Brides and grooms often pose for a photo in front of the historic “Welcome to Fabulous Las Vegas” sign. Now, years of romantic getaways to the wedding capital of the world have led at least one chapel to recreate its own sign, like the half-sized version, “Married in Fabulous Las Vegas,” unveiled this week at Chapel of the Flowers.
The downtown Las Vegas chapel had the stylized vintage sign created as a tribute to the 5 million couples who tied the knot in Las Vegas, according to a release from the downtown wedding chapel.
“Our new “Married in Las Vegas” sign is a symbol of love,” Donne Kerestic, CEO at Chapel of the Flowers, said in a release. “We hope our photo location will be a popular destination for all locals and tourists visiting Downtown Las Vegas.”
The chapel’s sign is just the latest addition to Las Vegas’ legacy as a wedding destination. It took decades for Southern Nevada to earn its global notoriety in the wedding industry. Now that history is being celebrated in a new exhibit, sponsored by the Office of the Clark County Clerk, that highlights the wedding industry.
The first known reference to Las Vegas as “the wedding capital of the world” came in a 1953 London Daily Herald article, spotlighting the unique industry and cementing its global reach.
It even mentioned a trend that still exists today: all-inclusive wedding planning.
“For £9 they will provide not only organ music and witnesses but orchids for the bride and a photographer who will send snaps to your ‘home town paper’ with a society note,” the article states.
Clark County Clerk Lynn Marie Goya worked with Cynthia Ammerman, a historian and preservationist, and Bridal Spectacular’s Laura Covington, to set up the exhibit in the Clark County Government Center’s rotunda. Visitors can peruse posters set up around the lobby showing original family homes-turned-chapels from the 1930s, facts about each decade, a celebrity wedding slideshow and sample vintage wedding dresses from the past century.
‘Really helped create Las Vegas’
The free exhibit, which opened Tuesday, runs through May 4. It’s available from 7:30 a.m. to 5:30 p.m. Mondays through Thursdays.
“It’s a legacy industry that really helped create Las Vegas,” Goya said. “Gaming, which was illegal in many states, easy divorce and easy marriage are really the core services that made Las Vegas, Las Vegas.”
Nevada’s quick weddings and divorces began in the 1930s when the state nixed requirements for a blood test and waiting period, enticing Californians and others to the desert for their nuptials.
The popularity continued into the 1940s, when World War II spurred more young couples to marry before being drafted. About 20,000 weddings took place in 1942 in Clark County, a 145 increase over the previous year, according to the county.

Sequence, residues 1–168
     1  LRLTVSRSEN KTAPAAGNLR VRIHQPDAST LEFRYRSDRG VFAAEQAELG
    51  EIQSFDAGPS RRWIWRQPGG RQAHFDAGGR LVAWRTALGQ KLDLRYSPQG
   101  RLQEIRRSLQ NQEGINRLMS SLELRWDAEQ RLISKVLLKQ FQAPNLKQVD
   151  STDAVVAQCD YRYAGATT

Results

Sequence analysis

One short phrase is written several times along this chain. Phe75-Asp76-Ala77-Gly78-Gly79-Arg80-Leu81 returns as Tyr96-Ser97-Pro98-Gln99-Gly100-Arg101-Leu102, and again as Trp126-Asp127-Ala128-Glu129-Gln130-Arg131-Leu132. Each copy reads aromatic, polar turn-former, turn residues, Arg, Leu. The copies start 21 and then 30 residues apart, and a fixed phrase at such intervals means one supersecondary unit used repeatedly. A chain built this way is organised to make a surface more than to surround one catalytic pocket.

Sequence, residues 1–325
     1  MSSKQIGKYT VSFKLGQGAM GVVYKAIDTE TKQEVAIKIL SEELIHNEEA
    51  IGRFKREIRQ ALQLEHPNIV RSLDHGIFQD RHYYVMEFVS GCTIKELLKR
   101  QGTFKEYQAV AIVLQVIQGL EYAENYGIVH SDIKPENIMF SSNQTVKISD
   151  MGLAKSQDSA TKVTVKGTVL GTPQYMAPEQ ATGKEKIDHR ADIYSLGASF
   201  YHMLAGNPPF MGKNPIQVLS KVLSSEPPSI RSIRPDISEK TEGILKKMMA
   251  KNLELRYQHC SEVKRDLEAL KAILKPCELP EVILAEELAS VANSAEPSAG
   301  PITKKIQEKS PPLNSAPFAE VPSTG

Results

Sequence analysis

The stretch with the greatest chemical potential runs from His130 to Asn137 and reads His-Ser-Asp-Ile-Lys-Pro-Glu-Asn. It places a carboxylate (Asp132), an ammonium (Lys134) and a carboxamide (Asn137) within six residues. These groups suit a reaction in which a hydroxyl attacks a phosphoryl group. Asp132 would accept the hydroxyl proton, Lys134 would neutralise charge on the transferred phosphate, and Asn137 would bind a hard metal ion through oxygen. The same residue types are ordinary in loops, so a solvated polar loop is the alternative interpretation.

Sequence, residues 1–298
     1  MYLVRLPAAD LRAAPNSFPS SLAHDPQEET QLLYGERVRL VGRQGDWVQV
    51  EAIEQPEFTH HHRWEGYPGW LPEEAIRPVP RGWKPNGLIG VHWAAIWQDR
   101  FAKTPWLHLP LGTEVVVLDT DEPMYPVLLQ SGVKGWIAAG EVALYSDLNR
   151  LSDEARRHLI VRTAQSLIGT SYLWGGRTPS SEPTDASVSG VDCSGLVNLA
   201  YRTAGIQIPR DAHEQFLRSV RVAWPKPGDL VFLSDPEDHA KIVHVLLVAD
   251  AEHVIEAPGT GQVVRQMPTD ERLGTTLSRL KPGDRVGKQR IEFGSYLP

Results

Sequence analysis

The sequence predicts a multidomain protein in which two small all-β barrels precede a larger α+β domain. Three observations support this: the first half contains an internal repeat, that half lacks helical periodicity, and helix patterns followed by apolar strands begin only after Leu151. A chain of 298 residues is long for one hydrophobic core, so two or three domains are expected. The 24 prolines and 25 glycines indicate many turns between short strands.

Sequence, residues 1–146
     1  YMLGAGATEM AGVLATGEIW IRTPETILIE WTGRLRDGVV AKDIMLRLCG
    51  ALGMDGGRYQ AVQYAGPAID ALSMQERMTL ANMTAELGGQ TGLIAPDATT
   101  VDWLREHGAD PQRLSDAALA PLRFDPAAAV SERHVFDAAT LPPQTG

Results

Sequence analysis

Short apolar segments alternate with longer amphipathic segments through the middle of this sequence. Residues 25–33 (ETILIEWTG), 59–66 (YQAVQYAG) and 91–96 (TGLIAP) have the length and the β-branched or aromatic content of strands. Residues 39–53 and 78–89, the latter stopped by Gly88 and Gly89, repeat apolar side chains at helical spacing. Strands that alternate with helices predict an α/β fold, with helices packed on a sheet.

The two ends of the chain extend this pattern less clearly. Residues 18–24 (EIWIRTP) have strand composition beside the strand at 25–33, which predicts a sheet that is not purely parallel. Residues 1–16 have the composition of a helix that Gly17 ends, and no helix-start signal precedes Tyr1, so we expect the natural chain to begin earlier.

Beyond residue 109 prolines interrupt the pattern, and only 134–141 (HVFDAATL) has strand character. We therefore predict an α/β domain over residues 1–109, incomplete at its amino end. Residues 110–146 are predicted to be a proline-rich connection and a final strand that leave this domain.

Nowadays, the annual rate is significantly higher. The Marriage License Bureau issued more than 77,000 licenses in 2021, according to the clerk’s office. Goya said the department is on track to license 80,000 couples this year.
Clark County issued its 5 millionth wedding license in February, the same week of 2-22-22, or “Twosday,” a popular wedding date and the fourth-highest number of couples wed on a special date with 2,341 couples tying the knot, it said.
The exhibit is part of a county and Las Vegas Wedding Chamber of Commerce yearlong campaign to highlight the industry’s impact on Nevada and the millions of couples who brought their love story to Vegas.
The industry hopes to capitalize on the resurging popularity in Vegas weddings with more innovations, like better technology and live-streaming, personalized cocktails and trendy decor.
“Las Vegas has an incredibly innovative industry,” Goya said. “What’s been really fun is to see the community get really excited about weddings again. There’s a new surge, a new vibrancy to it.”
Curmudgeons may say 50 percent of U.S. marriages end in divorce — another quickie service offered that was key to Nevada’s early history. But Goya argued that it’s more important to celebrate the memories made out of love and encouraged couples to share their story online.
“Not every story ends happily,” she said. “Obviously, you either get divorced or you die eventually. But it’s not about the ending, it’s still a love story. You have kids from it. You have generations from it. Vegas is just really happy to be a part of that story because it’s life.”
McKenna Ross is a corps member with Report for America, a national service program that places journalists into local newsrooms. Contact her at firstname.lastname@example.org. Follow @mckenna_ross_ on Twitter.